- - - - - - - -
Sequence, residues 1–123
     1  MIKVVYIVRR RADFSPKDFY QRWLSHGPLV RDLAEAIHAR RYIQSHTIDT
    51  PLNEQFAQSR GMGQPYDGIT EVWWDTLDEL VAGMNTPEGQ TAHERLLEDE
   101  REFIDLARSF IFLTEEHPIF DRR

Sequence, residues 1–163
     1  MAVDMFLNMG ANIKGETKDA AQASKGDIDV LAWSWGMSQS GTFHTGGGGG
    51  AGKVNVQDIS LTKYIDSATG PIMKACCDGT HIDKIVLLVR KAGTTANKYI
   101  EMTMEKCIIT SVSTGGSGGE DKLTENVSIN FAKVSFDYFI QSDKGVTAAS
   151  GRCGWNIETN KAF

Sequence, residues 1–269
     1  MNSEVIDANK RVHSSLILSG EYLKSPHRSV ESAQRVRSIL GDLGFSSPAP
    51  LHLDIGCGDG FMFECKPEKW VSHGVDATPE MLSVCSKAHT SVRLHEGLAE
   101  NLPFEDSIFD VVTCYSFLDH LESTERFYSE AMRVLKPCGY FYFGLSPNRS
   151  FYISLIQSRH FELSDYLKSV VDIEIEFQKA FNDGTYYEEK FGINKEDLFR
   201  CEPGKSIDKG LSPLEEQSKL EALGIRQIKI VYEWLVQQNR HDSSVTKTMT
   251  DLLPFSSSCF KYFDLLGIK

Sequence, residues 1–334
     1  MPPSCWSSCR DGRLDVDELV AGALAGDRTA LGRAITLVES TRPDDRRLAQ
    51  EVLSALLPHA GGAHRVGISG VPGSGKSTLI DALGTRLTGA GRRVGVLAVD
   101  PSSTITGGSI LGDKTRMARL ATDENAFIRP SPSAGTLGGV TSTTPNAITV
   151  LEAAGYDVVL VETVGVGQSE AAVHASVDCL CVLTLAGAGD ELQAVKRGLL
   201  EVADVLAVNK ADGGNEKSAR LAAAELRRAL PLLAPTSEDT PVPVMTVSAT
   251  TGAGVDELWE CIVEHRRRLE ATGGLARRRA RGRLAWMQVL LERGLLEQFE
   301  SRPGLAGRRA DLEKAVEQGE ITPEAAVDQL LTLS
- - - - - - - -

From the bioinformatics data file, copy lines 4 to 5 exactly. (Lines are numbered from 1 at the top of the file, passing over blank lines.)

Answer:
   101  REFIDLARSF IFLTEEHPIF DRR

Sequence, residues 1–163